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I need an education an you lot are the ones to do it!

(18 Posts)
CunningAtBothEnds Sun 19-May-13 08:22:22

Hi there

I need some advice please. DH and I are looking into the possibility of getting a dog. I was brought up with dogs (rough collies, leonburgers and the odd doberman, my grandad bred roughs and leos so had 17 roughs of his own and 6 leos, at home we just had one rough and a doby) and its something id like my DCs to also experience. We think we would like a beagle. We have two Ds' Ds1 is 3, DS2 is 5 months. We are about to move into our new home (first owned property) which will give us our first oppurtunity to own a dog.

If its relevant we also have a cat who is coming up 3, so we would intend to get a puppy, so that it grows up with the cat and learns to leave him alone. We are buying a house that has a converted loft, so the cat will have 2 floors upstairs that will be dog free if he wants a break.

The house also has a 140ft garden, and is located near a big green, ideal for briefer walks.

What id like to know is... Are my expectations of the breed correct?

I expect the dog to need a lot of exercise, to be exciteable but gentle, and need me to assert myself as dominant (how?!) and to need to be trained.

My DH is a shift worker so the dog would either get a 30 min walk with me And an hour with him/ all of us, or longer, as well as garden play. We very much want to be the type of family that pack up with the dog and take him / her for a long walk, BUT also want to be able to eventually leave him a few hours without him wrecking the house.

Any breed info / general info would be great, its a huge committment and although this is the breed we think we want I honestly wouldnt get that breed if we couldnt meet its needs.

Thanks smile

Lonecatwithkitten Sun 19-May-13 09:06:25

Have you been and meet plenty of beagles this would be my first suggestion to make sure the breed is what you think it is. If that confirms it do away with a kitchen bin they are notorious bin raiders.
Dominance theory has been disproven and we don't assert ourselves over our dogs. Identify the vets you are going to use go and see them they will have details of puppy training classes which will be reward based training. You need to prepare your DCs for the fact that any puppy will bite that is normal and how to handle it (I like standing still and quiet like a soldier for children).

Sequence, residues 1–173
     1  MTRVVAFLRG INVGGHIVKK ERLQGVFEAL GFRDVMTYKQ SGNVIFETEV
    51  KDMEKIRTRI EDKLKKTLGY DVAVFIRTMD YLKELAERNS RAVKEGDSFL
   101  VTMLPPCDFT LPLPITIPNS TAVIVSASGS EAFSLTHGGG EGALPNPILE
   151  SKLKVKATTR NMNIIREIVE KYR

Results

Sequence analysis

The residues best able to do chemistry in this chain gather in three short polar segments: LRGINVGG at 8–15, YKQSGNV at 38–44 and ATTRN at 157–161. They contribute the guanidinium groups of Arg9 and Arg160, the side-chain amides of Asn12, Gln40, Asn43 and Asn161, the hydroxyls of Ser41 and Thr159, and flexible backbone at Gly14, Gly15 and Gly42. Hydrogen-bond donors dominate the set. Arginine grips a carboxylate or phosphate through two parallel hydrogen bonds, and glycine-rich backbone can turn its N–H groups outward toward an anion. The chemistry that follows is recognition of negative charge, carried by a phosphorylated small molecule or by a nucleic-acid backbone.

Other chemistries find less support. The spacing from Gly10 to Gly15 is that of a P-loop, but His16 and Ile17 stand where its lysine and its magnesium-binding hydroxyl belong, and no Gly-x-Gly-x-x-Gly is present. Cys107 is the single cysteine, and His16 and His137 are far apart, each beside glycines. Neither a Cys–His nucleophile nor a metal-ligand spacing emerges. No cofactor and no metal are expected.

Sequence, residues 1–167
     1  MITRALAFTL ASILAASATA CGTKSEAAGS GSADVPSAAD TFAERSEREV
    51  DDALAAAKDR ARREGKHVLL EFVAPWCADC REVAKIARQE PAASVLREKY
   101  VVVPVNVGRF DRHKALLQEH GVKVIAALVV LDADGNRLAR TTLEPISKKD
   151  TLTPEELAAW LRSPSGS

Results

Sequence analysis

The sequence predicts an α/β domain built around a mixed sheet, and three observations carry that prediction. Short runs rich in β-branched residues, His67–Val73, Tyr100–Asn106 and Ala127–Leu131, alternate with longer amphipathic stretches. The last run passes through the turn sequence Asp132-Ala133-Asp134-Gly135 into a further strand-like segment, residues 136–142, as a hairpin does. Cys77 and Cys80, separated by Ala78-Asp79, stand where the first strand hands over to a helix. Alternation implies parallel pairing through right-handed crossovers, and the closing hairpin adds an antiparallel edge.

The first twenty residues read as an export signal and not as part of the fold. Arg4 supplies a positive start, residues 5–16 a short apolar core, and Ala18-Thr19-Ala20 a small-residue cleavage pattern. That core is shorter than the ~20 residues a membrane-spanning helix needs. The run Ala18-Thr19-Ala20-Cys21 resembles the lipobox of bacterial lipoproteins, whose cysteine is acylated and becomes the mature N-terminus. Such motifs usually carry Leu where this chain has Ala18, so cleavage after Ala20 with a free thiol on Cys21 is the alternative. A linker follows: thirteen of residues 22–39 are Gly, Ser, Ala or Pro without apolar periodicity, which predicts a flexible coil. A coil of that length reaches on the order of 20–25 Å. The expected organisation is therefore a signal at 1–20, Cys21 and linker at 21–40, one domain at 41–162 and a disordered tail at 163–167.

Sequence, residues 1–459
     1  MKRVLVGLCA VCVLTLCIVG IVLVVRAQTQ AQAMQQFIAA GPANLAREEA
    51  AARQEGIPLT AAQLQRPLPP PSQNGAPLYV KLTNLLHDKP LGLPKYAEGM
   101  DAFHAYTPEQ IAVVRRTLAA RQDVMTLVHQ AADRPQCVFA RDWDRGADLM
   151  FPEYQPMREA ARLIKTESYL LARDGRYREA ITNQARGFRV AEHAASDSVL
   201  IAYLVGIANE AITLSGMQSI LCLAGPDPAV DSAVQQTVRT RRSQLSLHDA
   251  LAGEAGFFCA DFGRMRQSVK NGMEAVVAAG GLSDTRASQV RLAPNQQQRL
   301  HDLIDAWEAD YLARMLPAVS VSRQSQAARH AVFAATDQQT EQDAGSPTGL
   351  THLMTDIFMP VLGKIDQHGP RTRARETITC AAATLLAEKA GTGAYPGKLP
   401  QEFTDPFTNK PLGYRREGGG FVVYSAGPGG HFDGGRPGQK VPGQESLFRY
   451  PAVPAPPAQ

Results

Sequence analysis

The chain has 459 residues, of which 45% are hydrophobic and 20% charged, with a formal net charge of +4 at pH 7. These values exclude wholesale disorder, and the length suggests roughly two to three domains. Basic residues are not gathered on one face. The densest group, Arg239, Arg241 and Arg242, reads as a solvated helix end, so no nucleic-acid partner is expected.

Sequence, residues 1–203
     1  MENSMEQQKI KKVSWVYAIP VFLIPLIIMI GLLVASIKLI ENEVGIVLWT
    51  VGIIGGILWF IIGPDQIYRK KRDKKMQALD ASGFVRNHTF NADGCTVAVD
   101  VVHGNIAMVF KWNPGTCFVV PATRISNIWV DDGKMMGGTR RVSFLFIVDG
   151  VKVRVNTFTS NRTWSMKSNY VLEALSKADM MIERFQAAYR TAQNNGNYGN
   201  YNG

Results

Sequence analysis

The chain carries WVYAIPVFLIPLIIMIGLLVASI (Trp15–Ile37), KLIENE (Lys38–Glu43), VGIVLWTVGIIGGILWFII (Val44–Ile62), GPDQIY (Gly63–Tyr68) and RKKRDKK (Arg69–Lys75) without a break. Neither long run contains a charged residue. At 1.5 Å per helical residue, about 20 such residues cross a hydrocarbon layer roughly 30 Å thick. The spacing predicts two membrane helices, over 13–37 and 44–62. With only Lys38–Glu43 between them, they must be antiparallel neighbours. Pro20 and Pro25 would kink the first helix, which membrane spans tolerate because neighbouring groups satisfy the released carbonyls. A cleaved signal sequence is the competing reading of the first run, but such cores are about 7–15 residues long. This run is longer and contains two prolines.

fanoftheinvisibleman Sun 19-May-13 09:10:56

I wanted a beagle too and got lots of advice on here. I'll try and give you some of what I remember.

They are a scent hound so recall can be patchy at best, but often none existant. They are often escape artists and will scale a 6 ft fence (or dig under) ifthe fancy takes them.

They are bred as pack dog and can suffer badly from seperation anxiety. To be fair, they are a breed that hit rescues often to say you see so few out and about and most I have seen cite seperation anxiety.

Beg, borrow and steal is the approach to food, I believe they are often bin dippers!

All beagle owners on my thread pretty much told me that their dogs were loving and much loved, but never again!

I still feel wistful when I see one but we went for a Border Terrier in the end. He has all the spirit and energy we were after but is easy going with regards to the rest of life.

PareyMortas Sun 19-May-13 09:17:11

I would think very carefully before getting a Beagle. They are renowned for having very poor recall, I pass a few when walking my dogs and they are all kept on the lead. I have a Beagle cross (rescued) and her recall is good as she was starved by her previous owners so she'll do anything if she thinks there's a treat in store. She is proving to be much harder to train then my other two dogs and our excellent dog trainer says that this is common with Beagles. I often thank my lucky stars that she's a cross.

fanoftheinvisibleman Sun 19-May-13 09:21:57

And I couldn't have coped with a puppy and children as young as yours. ALL puppies bite. Mine is the sweetest nature now but drew blood plenty when tiny. I have not met a puppy yet who doesn't as it is how they play.

When my friend visited with her 18 month old both our nerves were shot. It had to be like a military operation. You coyldn't keep an eye on them, you had to be between them constantly. And I mean genuinely constantly, not just 'ooh, I've been at it all day'. Even the logistics of lunch, toilet and answering the phone become hard if you have a puppy who floors the baby every time you look away.

You will need to be prepared for misery before reward!

CunningAtBothEnds Sun 19-May-13 09:24:20

Thats really interesting thanks, its between a beagle a spaniel and a cairn terrier at the moment - very different dogs!

I think meeting a beagle may be a good idea, as we both have no personal experience of the breed.

In my heart of hearts I am thinking a beagle may well be too much hound for us? I think DH wanted a terrier as thats what he grew up with ditto that on a spaniel for me, so beagle was the mutual interest. In reality I always think of nippy yappy and rough to the touch for terriers and worry how it would annoy the cat, and DH thinks spaniels aren't active or playful as mine was not at that stage when DH met him.

From what you have said I think a beagle may well be too demanding for us, whilst I would want to train and take a dog out, I dont think id be able to supervise enough re food attitudes, and digging sounds a nightmare.

We are looking for an affectionate dog that will like attention, not huge in size but not a toy breed, good with kids / even temperament, not over active but also still capable of being energetic and playful? To me this sounds like a spaniel (cocker or springer) but to DH it sounds like a cairn...

We are not rushing the decision, we wouldn't be looking to get the dog until the end of the year really, ad are committed to the right dog for us, from a reputable breeder (the idea that we could accidentally buy from puppy farms terrifies me)

saintmerryweather Sun 19-May-13 09:27:59